Equifax Data Breach: Information for the OSU Community

Updated: September 11, 2017

On Thursday, September 7th, the credit monitoring company Equifax announced that it had been the victim of a data breach and that personally identifiable information—including social security numbers, birth dates, and addresses—of 143 million Americans was accessed.

The impact is great: nearly half of the current US population’s data was leaked. The number exceeds the number of US households. If you’ve applied for any credit in the digital age, you’re likely included in that number.

What should I do to protect myself?

  1. Expect an increased amount of Phishing emails about the Equifax breach.
    Do not click on any links, or open any attachments, in emails about the breach. If you do, please contact your IT support team immediately.
    Also, please send all phishing emails you receive (using forward as attachment) to [email protected]. This will help us take down/block any malicious sites used in the phishing scheme.
  2. Sign up for an online account with the Social Security Administration
    The information about you contained in the Equifax Leak provides enough information for a criminal to open an account in your name. Do it before they do!
    Go to https://www.ssa.gov/myaccount/ to sign up.
  3. Place a security freeze on your credit file with each of the major credit bureaus
    This is the single most effective thing you can do to prevent identity theft that is financially motivated. A security freeze blocks creditors from being able to view your credit file unless you take action to unfreeze your file beforehand.
    Yes, there is a small fee associated with it (some do it for free.) Yes, it is a bit of a pain. But it is a lot less painful than having to deal with a destroyed credit rating, having collection agencies hound you for payments, and dealing with all the other problems associated with having your identity stolen.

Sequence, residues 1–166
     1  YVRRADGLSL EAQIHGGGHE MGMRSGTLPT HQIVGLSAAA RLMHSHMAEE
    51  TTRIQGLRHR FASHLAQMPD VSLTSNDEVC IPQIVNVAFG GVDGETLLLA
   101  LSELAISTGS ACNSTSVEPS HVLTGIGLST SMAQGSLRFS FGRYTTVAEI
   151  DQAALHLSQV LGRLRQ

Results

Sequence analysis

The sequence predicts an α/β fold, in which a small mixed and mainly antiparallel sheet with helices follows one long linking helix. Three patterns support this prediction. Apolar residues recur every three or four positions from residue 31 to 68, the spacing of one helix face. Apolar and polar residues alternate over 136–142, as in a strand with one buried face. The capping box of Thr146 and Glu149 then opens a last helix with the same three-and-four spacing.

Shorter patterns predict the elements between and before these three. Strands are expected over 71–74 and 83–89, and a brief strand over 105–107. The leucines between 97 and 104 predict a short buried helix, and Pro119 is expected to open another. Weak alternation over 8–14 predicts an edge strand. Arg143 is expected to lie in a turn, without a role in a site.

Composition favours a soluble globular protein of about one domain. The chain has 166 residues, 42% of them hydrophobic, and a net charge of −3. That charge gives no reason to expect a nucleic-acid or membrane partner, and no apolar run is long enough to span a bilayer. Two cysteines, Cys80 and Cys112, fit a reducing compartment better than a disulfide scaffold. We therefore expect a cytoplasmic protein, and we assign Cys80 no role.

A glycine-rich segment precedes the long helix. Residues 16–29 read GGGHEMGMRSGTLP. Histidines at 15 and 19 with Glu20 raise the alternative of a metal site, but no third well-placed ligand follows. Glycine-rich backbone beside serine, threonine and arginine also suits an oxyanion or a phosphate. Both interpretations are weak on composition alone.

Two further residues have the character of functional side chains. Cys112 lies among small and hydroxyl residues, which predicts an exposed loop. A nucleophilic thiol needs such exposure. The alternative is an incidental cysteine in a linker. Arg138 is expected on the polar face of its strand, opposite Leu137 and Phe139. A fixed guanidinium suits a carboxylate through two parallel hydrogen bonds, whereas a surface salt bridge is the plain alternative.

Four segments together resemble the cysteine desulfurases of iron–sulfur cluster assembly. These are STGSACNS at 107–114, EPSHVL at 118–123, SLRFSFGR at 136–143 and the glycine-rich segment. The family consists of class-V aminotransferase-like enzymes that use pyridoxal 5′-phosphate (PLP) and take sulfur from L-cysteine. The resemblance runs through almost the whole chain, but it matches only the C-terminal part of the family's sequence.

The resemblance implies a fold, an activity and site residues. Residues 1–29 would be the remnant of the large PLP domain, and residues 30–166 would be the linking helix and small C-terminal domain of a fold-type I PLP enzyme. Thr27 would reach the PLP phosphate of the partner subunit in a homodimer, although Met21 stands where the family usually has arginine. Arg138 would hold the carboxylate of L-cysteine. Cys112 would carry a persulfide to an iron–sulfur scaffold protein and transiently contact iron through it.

To place a freeze, visit these sites: Note: You’ll get a PIN from each of the sites to unfreeze your credit. Do not forget that PIN! Write it down and store it in a safe place.
  4. Check your credit report at least annually.

    Each of the major credit reporting bureaus are required to provide you a free copy of your credit report each year. You can get a copy of yours by visiting http://annualcreditreport.com/

    Mark a date on your calendar, check it when you do your taxes, or on your birthday. But at least once a year.

    We’ll keep this page updated as we learn more information.

  5. File your taxes before a fraudster does.

    The Equifax data breach contains enough information to allow someone to file a tax return in your name. We’re suggesting that you file your return as early as you possibly can next year.

  6. Check to see if your information has been compromised and sign up for free credit monitoring.

    Update: Today, the Oregon Department of Justice issued a news release which advises people to not visit the Equifax site and to not enroll in their offer for credit monitoring.


    The Washington Post article linked below has been updated with the following information:

    Update, Sept. 10, 2:25 p.m.: Equifax issued a new statement Sunday further clarifying its stance on the arbitration clause. "To confirm, enrolling in the free credit file monitoring and identity theft protection products that we are offering as part of this cybersecurity incident does not prohibit consumers from taking legal action," Equifax said. The company said it has now removed the arbitration language from the terms of use on its data breach notification site, equifaxsecurity2017.com. It also said Sunday that the terms of use on Equifax's main site, equifax.com, do not cover the TrustedID Premier service, which has its own terms of use. "Again," Equifax continued, "to be as clear as possible, we will not apply any arbitration clause or class action waiver against consumers for claims related to the free products offered in response to the cybersecurity incident or for claims related to the cybersecurity incident itself.”

    Equifax has a website, https://www.equifaxsecurity2017.com/ dedicated to this event. There you can check to see if your information was impacted. Regardless of if your information was accessed in the breach, take them up on the offer to provide free credit monitoring through TrustedID Premier. Follow the instructions exactly, and be sure to record the enrollment date. And enroll your family members as well. On your enrollment date, you will have to return to the link they gave you and continue through the enrollment process. Once enrolled, Equifax will monitor your credit and alert you if there is a problem.

    Please be advised the Washington Post has an article discussing the terms and conditions of the free credit monitoring offer may limit future legal action you could take against Equifax. Please make an informed decision: https://www.washingtonpost.com/news/the-switch/wp/2017/09/08/what-to-kno...

The Federal Trade Commission offers the following recommendation for how to respond to the data breach. https://www.consumer.ftc.gov/blog/2017/09/equifax-data-breach-what-do